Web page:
Cover picture

Main theories of the Curriculum

  • John Dewey (1916)

    John Dewey (1916)
    Dewey considered schools as neutral institutions that could serve the ends of either freedom or repression and authority; thus, the aims of education went hand in hand with the particular type of society involved.Dewey prioritized science, which he saw as epitomizing rational inquiry. Science, for Dewey, was another name for knowledge, and it represented the perfect outcome of learning—its consummation, “what is known and settled.” (Ornstein & Hunkins, 2018 p, 94)
  • Franklin Bobbit

    Franklin Bobbit
    According to Gibson (2013), the book titled: The Curriculum by Franklin Bobbit, was considered the first book that stated the curriculum in the science field. The author centered the main features of the curriculum on the activity´s approach. Franklin Bobbit (1918, p. 42) in Gibson (2013), outlined his approach as the sequence of activities that children and teenagers might do and lived, with the purpose of growing skills, in order to be prepared for adult challenges.
  • Werrett Charters

    Werrett Charters
    His approach is comparable with Bobbit´s. Werrett Charters (1929), in Gibson (2013) held the curriculum as the sequence of goals influenced by different thoughts, indeed the learners had to reach them thru diverse activities. According to Charters (1929, p. 101), in Gibson (2013, p. 24) “there are four steps in curriculum construction: 1 selecting objectives, 2 dividing them into ideals and activities, 3 analyzing them to the limits of working units, and 4 collecting methods of achievement”.
  • Hilda Taba 1962

    Hilda Taba 1962
    She developed an approach that included the teachers in the development process. Taba’s (1962) seven major steps to the design included: (1)diagnosis of needs, (2) formulation of objectives, (3) selection of content, (4) organization of content, (5) selection of learning experiences, (6) organization of learning activities, and (7) an evaluation.
    According with Oberg (2009), when the goals are explained to learners, diagnostic must be done in order to discover what pupils know about the content.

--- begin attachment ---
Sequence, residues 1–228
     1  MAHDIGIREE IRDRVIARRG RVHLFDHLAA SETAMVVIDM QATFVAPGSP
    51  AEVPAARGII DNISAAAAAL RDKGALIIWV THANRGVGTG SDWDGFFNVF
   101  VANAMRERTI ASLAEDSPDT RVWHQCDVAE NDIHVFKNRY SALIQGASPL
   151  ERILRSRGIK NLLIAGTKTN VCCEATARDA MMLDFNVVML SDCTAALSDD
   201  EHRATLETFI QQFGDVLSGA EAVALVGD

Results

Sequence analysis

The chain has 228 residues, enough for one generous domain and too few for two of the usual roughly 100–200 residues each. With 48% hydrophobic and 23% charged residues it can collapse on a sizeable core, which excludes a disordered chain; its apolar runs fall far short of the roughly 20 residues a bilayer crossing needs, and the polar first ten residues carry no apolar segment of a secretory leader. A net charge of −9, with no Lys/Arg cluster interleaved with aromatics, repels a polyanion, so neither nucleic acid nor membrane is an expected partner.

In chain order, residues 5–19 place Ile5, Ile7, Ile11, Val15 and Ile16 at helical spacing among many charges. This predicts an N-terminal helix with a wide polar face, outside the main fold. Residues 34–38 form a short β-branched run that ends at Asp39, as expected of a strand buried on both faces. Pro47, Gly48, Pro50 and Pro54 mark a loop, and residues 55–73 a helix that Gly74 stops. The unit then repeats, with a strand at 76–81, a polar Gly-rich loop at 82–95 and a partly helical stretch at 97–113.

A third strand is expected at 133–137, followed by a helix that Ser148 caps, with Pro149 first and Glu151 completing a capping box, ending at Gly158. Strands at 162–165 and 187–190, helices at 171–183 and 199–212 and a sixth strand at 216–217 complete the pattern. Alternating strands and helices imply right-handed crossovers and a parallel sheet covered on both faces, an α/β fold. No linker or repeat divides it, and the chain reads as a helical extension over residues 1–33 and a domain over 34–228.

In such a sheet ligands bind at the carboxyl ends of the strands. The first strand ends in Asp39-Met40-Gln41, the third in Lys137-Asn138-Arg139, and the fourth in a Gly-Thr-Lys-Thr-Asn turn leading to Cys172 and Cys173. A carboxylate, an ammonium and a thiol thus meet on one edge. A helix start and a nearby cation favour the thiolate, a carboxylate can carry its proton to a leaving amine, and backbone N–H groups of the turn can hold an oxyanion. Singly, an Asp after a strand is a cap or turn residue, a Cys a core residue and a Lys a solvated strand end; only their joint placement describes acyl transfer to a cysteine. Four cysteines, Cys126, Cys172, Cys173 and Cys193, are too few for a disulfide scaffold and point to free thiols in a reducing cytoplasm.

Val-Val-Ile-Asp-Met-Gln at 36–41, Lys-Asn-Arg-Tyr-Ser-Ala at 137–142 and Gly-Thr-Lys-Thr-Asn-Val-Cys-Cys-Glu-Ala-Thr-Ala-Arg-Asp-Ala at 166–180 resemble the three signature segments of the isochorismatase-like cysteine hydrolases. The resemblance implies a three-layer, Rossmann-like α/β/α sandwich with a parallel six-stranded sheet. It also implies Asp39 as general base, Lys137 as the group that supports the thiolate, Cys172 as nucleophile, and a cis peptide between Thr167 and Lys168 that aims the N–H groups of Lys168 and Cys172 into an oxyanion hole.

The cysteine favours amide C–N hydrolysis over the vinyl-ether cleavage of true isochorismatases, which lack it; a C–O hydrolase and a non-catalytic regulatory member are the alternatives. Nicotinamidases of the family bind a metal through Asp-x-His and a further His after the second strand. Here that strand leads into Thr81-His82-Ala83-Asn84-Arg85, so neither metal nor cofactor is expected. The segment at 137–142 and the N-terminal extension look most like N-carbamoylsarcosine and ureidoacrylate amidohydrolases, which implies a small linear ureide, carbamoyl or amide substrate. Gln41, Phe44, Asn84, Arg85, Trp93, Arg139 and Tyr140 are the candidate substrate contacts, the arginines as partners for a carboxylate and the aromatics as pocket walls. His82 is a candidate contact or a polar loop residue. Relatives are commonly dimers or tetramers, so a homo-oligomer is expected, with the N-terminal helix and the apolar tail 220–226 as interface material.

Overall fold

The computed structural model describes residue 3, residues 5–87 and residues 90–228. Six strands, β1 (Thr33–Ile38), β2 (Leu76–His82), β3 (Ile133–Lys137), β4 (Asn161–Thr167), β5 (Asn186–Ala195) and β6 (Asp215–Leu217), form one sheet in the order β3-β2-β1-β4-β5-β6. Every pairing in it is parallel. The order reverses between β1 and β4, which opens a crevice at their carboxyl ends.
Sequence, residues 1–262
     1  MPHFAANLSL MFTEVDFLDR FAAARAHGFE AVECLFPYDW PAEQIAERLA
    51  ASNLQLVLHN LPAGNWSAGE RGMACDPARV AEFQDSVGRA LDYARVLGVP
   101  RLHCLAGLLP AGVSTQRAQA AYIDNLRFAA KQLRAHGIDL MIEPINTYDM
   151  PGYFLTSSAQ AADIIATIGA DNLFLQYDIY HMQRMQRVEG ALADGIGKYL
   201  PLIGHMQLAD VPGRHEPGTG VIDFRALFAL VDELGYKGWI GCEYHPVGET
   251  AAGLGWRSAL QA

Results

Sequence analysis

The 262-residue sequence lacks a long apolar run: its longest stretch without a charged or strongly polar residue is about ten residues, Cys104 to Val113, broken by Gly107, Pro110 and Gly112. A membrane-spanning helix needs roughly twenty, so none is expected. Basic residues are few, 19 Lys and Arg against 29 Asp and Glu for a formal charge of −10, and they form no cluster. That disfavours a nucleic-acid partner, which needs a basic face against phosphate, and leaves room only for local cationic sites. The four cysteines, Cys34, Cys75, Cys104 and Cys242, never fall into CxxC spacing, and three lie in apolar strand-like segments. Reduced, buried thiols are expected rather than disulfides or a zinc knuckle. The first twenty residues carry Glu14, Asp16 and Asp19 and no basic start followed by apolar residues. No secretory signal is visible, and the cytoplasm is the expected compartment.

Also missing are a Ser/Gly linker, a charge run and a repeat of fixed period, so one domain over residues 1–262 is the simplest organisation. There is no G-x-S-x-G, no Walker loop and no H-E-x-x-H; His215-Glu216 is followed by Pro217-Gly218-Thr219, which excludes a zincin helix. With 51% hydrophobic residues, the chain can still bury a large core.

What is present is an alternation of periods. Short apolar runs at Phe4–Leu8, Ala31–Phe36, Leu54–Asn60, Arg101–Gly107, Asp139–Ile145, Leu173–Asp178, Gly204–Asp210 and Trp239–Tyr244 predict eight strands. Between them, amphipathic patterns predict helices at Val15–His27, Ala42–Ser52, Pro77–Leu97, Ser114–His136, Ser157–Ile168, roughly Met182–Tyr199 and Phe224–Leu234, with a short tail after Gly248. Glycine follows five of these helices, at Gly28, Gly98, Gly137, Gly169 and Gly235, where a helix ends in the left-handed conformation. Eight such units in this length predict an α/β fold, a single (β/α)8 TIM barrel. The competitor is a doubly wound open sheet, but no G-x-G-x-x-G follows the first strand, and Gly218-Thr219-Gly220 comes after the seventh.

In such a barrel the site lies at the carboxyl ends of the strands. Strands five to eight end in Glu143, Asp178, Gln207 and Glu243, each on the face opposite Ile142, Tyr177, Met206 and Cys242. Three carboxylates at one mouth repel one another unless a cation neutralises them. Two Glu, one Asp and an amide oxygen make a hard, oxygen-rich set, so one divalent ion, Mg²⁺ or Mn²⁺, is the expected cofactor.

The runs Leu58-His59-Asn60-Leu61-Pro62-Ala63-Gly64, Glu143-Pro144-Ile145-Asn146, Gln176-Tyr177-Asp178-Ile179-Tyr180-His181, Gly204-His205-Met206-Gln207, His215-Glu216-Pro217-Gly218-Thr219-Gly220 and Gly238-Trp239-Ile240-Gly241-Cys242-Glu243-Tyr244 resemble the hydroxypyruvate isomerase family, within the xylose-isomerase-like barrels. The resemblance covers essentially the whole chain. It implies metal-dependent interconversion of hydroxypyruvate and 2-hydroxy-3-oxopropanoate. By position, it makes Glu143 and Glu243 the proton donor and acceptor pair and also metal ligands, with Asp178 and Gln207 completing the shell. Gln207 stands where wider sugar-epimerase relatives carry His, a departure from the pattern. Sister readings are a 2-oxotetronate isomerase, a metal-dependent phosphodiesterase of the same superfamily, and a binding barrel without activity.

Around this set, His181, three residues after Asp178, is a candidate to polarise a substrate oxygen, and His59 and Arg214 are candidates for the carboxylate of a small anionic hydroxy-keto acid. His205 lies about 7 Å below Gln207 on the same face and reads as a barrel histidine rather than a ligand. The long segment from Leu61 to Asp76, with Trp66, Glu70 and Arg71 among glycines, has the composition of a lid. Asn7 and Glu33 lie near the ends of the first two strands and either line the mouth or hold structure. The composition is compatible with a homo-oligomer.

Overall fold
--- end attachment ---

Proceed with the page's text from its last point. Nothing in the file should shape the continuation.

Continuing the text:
• Jerome Bruner 1971

    Jerome Bruner 1971
    Bruner’s framework was that learning was an active process in which the learners constructed new ideas based upon their current or past knowledge while interacting with new information. In this model “the learner selects and transforms information, constructs hypotheses, and makes decisions, relying on a cognitive structure (i.e., schema, mental models) to do so” (Kearsley, 2002, p. 1). The learner “focuses on the ‘how’ to learn, rather than ‘what’ to learn” (Craig & Reed, 2002, p. 1).
  • Francis Hunkins (1976-1979)

    Francis Hunkins  (1976-1979)
    In the late 1970s Francis Hunkins developed the Decision-Making Model. It is similar to other models with the exception of the first stage of curricular decision-making: curriculum conception and legitimization. The first stage requires curriculum developers to 1) engage in a search for understanding, besides just creating an educational program. The other six stages include: 2) diagnosis, 3) content selection, 4) experience selection, 5) implementation, 6) evaluation, and 7) maintenance (1980).
  • Howard Gardner 1991

    Howard Gardner 1991
    Howard Gardner is best known in the field of education for his theory of multiple intelligences. Gardner felt strongly that “students do not understand...that is, they lacked the capacity to take knowledge learned in one setting and apply it appropriately in a different setting. He felt learning situations such as apprenticeships and children’s museum-type programs minimize mindless learning and maximize students’ understanding of why they are doing things (Brandt, 1993).
  • Isman, Caglar, Dabaj, and Ersozlu (2005)

    Isman, Caglar, Dabaj, and Ersozlu (2005)
    Isman, Caglar, Dabaj, and Ersozlu
    This model is based on a theoretical foundation of constructivism by Jerome Bruner where the emphasis is placed on the learner rather than the teacher. Their new constructivist model is composed of four processes: (1) input, (2) process, (3) output, and (4) feedback (Isman et al., 2005, p. 33).
  • References

    Gibson, L. (January de 2013). Analysis of 100 Years of Curriculum Designs. International Journal of Instruction, 6 (1). Obtenido de Ornstein, A., & Hunkins, P. (2018). Curriculum: Foundations, Principles, and Issues. England: Pearson. Retrieved from
  • Cover Page

    Cover Page
    Universidad Montrer
    Maestría en Inglés para la Enseñanza
    Main theories of the Curriculum
    Subject: Diseño Curricular para la Enseñanza del Inglés
    Student: Mario Prado Govea
    Teacher: Luis Fernando Olvera Castaños
    Jocotepec, Jal. 28 de Enero de 2022